Corner Cabinets: A reason not to have one.

June 21st, 2007 § 4 Comments

Corner cabinets: When faced with an option of using a corner for storage or voiding the corner, evaluate what can be gained without one. This kitchen would have lost it’s impact, the hood would have to be moved over possibly, and the drawers would lost the balance this massive hood needs.

This gorgeous kitchen remodeled by Downsview Kitchens, for the 2007 American Red Cross Designers’ Show House, West Palm Beach, Florida, and featured in the July-August issue of Veranda Magazine, is designed with a voided corner . The impact in the design is the curvaceous hood, the molding, the simplicity of the drawers. It is the use of drawers instead of a typical corner storage cabinet that makes a case for voiding the corner in favor of symmetry and balance.

This kitchen would have looked off balanced had they used a lazy susan corner cabinet. I like the balance of the 3 drawers shown both left and right of the range. They are a good width, looks like they could be 18 or 21 wide. I don’t like using drawers that are too narrow. The designer used shallow depth glass fronted bin drawers; great impact below the window. Love the use of the wood butcher block surface. I also like the wall to the right of the hood. Painted niche style open decorative display with tile accents. This is beautiful.


Now for what I don’t like: for a hood this size, I would have expected at least a 36” range. But then the drawers would have to be reduced in width. This seems a typical problem for most homeowners: bigger appliances or better storage. Also note the glass cook top is not level in the back left corner. Not much else to critique. I really like this space! Bravo to Kitchen Designer Sean Daigle. Also to Monica Brent who skillfully painted the hood. Gorgeous!


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§ 4 Responses to Corner Cabinets: A reason not to have one.

  • kmndesign says:

    You make some excellent points against corner cabinets. And since you pointed it out, I can totally see how the range looks out of proportion with the hood.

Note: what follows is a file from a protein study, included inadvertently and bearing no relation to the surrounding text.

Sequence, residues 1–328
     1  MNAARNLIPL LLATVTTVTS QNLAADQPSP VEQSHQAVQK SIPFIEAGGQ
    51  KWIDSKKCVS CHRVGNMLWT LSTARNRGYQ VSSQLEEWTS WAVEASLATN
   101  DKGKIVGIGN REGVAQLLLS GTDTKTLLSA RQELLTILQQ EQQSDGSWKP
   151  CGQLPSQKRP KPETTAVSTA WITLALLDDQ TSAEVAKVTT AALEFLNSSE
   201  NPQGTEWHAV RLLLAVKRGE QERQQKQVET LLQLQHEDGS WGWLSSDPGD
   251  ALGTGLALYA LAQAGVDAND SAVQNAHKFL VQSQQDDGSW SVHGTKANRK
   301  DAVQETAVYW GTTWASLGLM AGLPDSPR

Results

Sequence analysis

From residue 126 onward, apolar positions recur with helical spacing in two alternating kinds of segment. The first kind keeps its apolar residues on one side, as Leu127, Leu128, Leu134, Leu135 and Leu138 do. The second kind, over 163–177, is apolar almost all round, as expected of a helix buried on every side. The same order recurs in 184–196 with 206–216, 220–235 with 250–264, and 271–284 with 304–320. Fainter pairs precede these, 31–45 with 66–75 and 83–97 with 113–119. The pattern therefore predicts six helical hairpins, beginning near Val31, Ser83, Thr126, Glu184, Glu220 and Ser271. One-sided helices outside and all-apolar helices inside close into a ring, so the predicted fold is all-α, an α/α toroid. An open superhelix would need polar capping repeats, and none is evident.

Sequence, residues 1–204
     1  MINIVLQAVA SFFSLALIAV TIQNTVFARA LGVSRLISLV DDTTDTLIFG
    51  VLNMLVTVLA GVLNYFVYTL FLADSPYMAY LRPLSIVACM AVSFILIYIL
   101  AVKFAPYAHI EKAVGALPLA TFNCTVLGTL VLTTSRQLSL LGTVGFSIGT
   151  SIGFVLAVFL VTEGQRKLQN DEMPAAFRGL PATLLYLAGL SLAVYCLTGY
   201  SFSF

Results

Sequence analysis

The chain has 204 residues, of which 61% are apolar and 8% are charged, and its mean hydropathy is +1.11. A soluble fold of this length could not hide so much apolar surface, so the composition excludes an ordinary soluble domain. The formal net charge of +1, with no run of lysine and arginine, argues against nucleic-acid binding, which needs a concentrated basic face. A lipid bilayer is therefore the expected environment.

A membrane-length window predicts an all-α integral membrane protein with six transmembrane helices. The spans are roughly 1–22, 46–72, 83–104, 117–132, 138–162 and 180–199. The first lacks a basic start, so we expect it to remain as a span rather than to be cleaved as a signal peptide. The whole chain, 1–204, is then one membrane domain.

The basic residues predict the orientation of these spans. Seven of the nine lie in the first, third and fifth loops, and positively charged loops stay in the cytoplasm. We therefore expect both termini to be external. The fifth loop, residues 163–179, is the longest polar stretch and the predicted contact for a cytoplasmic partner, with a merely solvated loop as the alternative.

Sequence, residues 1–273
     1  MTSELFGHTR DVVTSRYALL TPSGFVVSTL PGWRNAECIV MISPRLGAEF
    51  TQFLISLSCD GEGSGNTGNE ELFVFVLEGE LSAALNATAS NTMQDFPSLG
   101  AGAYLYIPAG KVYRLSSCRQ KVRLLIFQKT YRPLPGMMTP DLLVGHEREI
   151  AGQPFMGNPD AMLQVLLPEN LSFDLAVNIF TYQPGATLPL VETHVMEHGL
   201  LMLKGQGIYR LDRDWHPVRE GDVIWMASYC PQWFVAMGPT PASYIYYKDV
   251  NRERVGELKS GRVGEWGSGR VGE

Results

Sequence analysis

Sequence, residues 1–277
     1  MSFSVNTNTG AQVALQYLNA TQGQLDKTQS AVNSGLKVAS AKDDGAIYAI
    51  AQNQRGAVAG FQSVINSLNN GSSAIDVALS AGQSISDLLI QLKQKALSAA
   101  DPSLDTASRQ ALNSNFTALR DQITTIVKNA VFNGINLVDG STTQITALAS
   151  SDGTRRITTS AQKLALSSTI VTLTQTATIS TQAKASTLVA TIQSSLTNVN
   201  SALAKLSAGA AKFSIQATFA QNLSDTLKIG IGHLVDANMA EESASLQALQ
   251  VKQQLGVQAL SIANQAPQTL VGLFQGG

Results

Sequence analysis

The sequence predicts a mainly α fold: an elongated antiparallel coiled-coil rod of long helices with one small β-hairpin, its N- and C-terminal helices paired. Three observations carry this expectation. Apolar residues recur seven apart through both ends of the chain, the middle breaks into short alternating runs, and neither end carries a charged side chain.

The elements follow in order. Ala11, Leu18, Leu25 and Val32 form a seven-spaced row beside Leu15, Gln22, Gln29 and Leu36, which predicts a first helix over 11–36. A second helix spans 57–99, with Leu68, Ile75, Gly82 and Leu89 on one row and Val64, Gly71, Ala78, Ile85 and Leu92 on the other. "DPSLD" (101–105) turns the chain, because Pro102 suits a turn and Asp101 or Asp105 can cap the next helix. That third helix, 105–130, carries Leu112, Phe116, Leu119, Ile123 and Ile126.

It’s hard to tell from the angle of the picture, but it looks like the butcher block curves out from the rest of the counter top, and echoes the curve of the window above. If so, I think that’s a nice touch, too.

    Regarding corners in kitchens, what do you recommend for C-shaped layouts, where there are two corners to contend with?

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  • Laurie Burke, Kitchen Designer says:

    Good point about the curve of the butcher block. That was creative wasn’t it? If we look at this space you can see that the depth of the cabinets here (butcher block counter area) is reduced depth of about 12 or 15 deep. Typically, one would see this area as a space for the kitchen sink and cabinets at 24″ deep. And see how removing the sink and standard 24″ deep cabinets improved the placement for this range/hood location? It works well. I don’t think a kitchen sink necessarily needs to be placed at the kitchen window.

    With regard to corners in a C shape kitchen, the recommendation for any design (as I see it), is to achieve the maximum amount of storage and work flow for a space as possible. I always ask myself, what is the greater gain for the space? Lazy susans are great but what happens if you don’t have enough drawers? In any event this design house picture is a great example of how a design is impacted by voiding the typical corner cabinet. Thanks for your comments.

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  • kim says:

    Your point about balance with such a large hood is well thought out. However, I would suggest you look into the Hafele catalogue and contact your closet Hafele representative. Hafele has many solutions to blind corners making all of the space usable, as well as solutions to many difficult design problems for kitchen. go to:

    http://www.hafele.com/us

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  • Peggy Deras, CKD, CID says:

    I think the vantage point of the camera in this image emphasizes the base cabinets when, in a real viewing situation, the viewer’s eyes are much higher (unless the viewer is a child or in a wheelchair).
    Most people viewing a kitchen only “see” balance above the counter anyway. What goes on below the counter is not appreciated or perceived.
    In this kitchen I would have done the susan AND the 36″ range and taken the photograph from a higher angle.
    Designers, and mostly homeowners, obsess about balance and symmetry from wall to base when it is only an issue in 2D drawings, not in real life.

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